SOUTHERN CALIFORNIA is the car world's crystal ball: Home to the most advanced car-design studios in the country, it's the place all the big carmakers look when they want to see the future.
And, indeed, the entries in the second annual Los Angeles Auto Show Design Challenge are plenty futuristic-looking. The competition gives 10 studios the chance to pursue far-flung ideas without worrying about budgets or narrow focus-group preferences. Guided only by a loose theme -- this year's is the pleasantly innocuous and thoroughly unrestrictive "An L.A. Adventure" -- designers from Audi, Hyundai, Mercedes and other carmakers produced vehicles ready to knife through cityscapes that have yet to be imagined, let alone built.
But if you consider that the word "automobile," at its most literal, simply means a vehicle that moves by itself, then maybe it's more accurate to think of the 10 competing concepts as a return to the fundamentals of car design.
The entries suggest a coming age in which driving -- physically applying the gas pedal and pointing a vehicle from Point A to Point B -- will be the least of a car owner's concerns. Stymied by traffic jams but liberated by technology, L.A. drivers of the future will have a long list of other things on their minds as they climb into their vehicles -- so much so, in fact, that a straightforward magazine title such as Car and Driver may seem woefully out of date in a few years' time. If competition is any guide, the newsstand will need a new batch of journals to do justice to the ways Americans use their cars.
Here are a few to look for:
Car and Oenophile
Maybach's entry, the California Gourmet Tourer, offers a limousine trip through the wine country -- without the limo. Anticipating the day when cars will be piloted by satellites and sensors embedded in the pavement, the three-wheeled Tourer has a transparent midsection and a kitchen table surrounded by Eero Saarinen-style chairs so that passengers can recline, swirl and sip as the vineyard-covered landscape zips by.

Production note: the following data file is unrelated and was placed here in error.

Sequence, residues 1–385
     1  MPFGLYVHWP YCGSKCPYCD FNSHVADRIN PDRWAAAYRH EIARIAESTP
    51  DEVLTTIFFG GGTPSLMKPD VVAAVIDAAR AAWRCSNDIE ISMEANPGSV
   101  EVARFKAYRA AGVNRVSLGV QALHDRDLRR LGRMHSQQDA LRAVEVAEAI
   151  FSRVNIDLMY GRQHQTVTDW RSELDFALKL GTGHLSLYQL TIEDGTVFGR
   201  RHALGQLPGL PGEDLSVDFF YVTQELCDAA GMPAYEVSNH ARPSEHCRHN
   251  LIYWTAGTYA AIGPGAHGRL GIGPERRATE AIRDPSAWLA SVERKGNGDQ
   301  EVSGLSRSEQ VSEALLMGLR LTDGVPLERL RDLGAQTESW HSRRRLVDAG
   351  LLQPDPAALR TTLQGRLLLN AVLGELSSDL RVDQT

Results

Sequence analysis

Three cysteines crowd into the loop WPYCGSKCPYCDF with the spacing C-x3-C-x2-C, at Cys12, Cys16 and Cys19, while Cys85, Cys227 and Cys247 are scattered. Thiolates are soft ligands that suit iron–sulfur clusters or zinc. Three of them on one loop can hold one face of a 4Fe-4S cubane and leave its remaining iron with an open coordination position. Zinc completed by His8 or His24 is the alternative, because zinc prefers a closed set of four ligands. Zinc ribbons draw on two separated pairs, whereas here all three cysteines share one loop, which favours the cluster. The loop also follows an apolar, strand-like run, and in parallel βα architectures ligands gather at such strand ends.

"Since it's fully automated, there are no worries about drunk driving," lead designer Andre Frey points out. The Tourer also features an espresso machine, a refrigerator (for the cave-aged Gruyere, presumably) and, at the rear, a tiny wine cabinet. "We were going to try something related to barbecue," Frey says, "but then decided to go a little higher-end." No kidding.
Car and Exercise Freak
The designers at Honda couldn't decide on a single entry, so they took their seven favorite schemes and crammed them into a display modeled on a movie poster. The most intriguing is the Running Bus, a hybrid that would be powered by the feet of passengers, jogging on side-by-side treadmills. (Instead of running for the bus, in other words, you could run on the bus.) In Southern California, world leader in both gridlock and gym memberships, this is probably the most plausible design in the entire competition, even if it does recall the foot-powered Flintstones car. The design lacks one key feature, though: A gigantic white '80s-style headband, with the destination printed on it, wrapping around the exterior.
Car and Homeowner
The design by GMC, called the PAD, is not a car, it's "a modern alternative for those priced out of Southern California's escalating housing market."
With a look that suggests the product of a shotgun marriage between an Airstream trailer and Disney Hall -- designer Steve Anderson says his chief inspirations were Frank Gehry and another architect, Zaha Hadid -- the PAD is a studio apartment on wheels, a vehicle designed to rid the mobile home of its down-market stigma. In "drive mode," the PAD features a diesel-electric hybrid engine; in "life mode," DirecTV and stainless-steel appliances.
"When the cheapest little cottage in North Hollywood is going for $500,000, then maybe it's time to be coming up with some new ideas," Anderson says. "We wanted to create something that would look at home in Dwell magazine, a place you could bring your date back to without feeling embarrassed."
Wait -- GM owners get dates?
Car and Lifeguard
As the designers from Smart envision it, the beach of the future will be patrolled by nimble rescue vehicles with a hard-to-miss color scheme and chunky wheels. It is equipped with an 800cc turbo engine, has room for an extensive first-aid kit and can be switched into amphibious mode -- liberating lifeguards from the antiquated requirement that they actually learn how to swim.
The rest of the roster
This year's finalists also include Audi's Nero (the ultimate nightclubbing car), Mitsubishi's sleek roadster and a Mercedes that looks as if it could roam the moon. Entries from Hyundai, Kia and a Toyota Scion round out the final top 10. They can be seen online beginning Friday, at www.laautoshow.com.
The jury for this year's Design Challenge is made up of teachers from three of the country's top transportation-design schools, including Stewart Reed of Art Center College of Design in Pasadena. The winner will be announced during the L.A. Auto Show in January.
Christopher Hawthorne is the Times' architecture critic. He can be reached at christopher .firstname.lastname@example.org.